Ghana’s parliament voted Tuesday to remove the death penalty as punishment for crimes including murder, making it the 29th country in Africa to join the global trend towards abolition of capital punishment.
Francis-Xavier Kojo Sosu introduced the bill, which amends the Criminal Offenses Act to replace the death penalty—usually carried out by hanging or firing squad—with life imprisonment for murder, genocide, piracy and smuggling of gold and diamonds, and attempted murder in prison.
“This is a great advancement of the human rights record of Ghana,” Mr. Sosu said, telling Reuters that opinion polls show a majority of Ghanaians support abolition.
“Abolishing the death penalty shows that we are determined as a society not to be inhumane, uncivil, closed, retrogressive and dark…and reflects our common belief that the sanctity of life is inviolable,” he said in a statement.
Ghanaian President Nana Akufo-Addo, who called on lawmakers last fall to remove the death penalty from the country’s penal code, must now sign the bill into law.
Ghana has not executed anyone since 1993. But because the death penalty was the mandatory sentence for murder, courts have continued to impose new death sentences, including seven last year.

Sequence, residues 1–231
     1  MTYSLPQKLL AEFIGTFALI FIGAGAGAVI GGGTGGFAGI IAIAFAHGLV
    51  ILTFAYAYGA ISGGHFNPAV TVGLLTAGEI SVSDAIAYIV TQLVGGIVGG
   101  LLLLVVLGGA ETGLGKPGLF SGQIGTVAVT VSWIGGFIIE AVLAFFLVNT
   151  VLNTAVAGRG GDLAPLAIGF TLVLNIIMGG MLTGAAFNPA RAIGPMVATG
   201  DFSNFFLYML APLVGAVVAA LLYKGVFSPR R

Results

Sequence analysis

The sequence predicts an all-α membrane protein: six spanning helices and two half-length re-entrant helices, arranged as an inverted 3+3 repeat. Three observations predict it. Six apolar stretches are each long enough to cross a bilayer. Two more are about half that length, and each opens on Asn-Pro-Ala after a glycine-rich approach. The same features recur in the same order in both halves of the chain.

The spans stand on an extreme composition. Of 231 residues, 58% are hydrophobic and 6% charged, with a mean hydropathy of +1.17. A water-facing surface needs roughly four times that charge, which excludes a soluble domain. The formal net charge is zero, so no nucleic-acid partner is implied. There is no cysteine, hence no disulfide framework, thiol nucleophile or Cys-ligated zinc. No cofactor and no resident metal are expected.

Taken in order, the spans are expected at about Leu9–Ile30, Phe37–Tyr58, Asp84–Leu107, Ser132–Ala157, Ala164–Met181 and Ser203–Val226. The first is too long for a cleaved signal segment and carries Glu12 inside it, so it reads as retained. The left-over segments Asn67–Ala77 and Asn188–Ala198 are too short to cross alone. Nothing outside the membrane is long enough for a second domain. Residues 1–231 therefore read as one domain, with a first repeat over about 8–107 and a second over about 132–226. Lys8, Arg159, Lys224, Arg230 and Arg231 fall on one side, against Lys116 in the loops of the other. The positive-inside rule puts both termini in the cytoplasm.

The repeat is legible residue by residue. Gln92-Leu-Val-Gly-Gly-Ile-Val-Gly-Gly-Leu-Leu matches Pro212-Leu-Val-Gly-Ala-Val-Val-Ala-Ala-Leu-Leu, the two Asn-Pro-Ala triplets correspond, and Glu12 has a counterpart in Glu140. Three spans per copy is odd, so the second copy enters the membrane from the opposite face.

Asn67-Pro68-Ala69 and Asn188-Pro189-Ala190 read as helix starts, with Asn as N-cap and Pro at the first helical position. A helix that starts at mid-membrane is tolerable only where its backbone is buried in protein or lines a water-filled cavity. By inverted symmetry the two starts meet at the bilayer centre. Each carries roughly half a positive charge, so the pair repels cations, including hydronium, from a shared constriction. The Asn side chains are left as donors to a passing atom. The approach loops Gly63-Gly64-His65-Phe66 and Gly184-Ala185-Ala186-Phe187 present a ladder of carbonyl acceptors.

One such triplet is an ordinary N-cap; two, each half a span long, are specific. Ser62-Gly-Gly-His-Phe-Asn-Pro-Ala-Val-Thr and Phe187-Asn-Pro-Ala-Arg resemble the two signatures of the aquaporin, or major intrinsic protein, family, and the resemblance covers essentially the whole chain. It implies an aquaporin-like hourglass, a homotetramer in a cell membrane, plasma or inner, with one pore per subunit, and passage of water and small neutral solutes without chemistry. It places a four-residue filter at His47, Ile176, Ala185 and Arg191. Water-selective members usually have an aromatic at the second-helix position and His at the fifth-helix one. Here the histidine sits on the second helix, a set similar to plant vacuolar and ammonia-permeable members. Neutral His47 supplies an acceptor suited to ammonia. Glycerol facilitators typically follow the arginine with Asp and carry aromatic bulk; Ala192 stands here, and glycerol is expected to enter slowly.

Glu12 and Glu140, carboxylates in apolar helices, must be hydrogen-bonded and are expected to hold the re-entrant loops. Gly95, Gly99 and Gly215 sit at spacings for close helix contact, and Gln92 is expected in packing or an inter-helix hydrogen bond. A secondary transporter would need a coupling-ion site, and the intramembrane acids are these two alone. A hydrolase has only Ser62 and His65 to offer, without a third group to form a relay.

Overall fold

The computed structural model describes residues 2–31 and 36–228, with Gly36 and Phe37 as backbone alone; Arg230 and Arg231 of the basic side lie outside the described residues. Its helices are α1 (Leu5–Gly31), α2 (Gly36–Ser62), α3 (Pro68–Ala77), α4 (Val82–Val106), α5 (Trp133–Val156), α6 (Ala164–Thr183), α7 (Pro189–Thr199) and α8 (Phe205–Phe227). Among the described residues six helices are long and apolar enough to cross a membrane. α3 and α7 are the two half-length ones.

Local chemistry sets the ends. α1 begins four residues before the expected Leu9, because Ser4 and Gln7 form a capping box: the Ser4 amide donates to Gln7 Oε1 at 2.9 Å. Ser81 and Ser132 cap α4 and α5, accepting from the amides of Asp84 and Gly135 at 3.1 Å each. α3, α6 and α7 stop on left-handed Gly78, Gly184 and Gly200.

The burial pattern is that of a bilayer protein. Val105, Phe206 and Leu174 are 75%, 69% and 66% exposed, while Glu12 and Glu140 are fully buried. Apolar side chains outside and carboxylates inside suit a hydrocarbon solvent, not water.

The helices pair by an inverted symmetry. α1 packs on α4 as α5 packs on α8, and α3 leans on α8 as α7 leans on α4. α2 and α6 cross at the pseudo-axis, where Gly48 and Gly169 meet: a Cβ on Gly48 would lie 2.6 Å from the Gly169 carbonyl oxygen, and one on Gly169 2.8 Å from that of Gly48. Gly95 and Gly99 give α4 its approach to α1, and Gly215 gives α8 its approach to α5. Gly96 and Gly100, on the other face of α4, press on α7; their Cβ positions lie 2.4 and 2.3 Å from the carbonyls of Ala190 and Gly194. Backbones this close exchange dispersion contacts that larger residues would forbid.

Like in the U.S., those sentenced to death in Ghana “tend to be vulnerable individuals from deprived backgrounds, who have often experienced deep personal trauma,” Mr. Sosu told the Guardian. “I have seen firsthand that the death penalty does not bring a sense of justice or closure to the families of crime victims, and neither does it deter offenders.”
Under the new law, the 172 men and six women currently sentenced to death in Ghana are expected to be resentenced to life imprisonment.
Capital punishment is still available for acts of high treason under Ghana’s constitution, and advocates are calling for an amendment that would totally abolish the death penalty.
Ghana is the 124th country worldwide to officially abolish the death penalty, joining Sierra Leone, Burkina Faso, Central African Republic, Equatorial Guinea, and Zambia, all of which have abolished the death penalty in the last five years.
Including 41 countries that have not carried out an execution for more than a decade, some 170 nations have banned capital punishment in law or in practice—although it remains legal in countries such as the U.S., China, Saudi Arabia, and North Korea.
The global trend against the death penalty continues, despite a post-pandemic uptick in executions. In 2022, Amnesty International confirmed death sentences in 52 countries, four less than in 2021.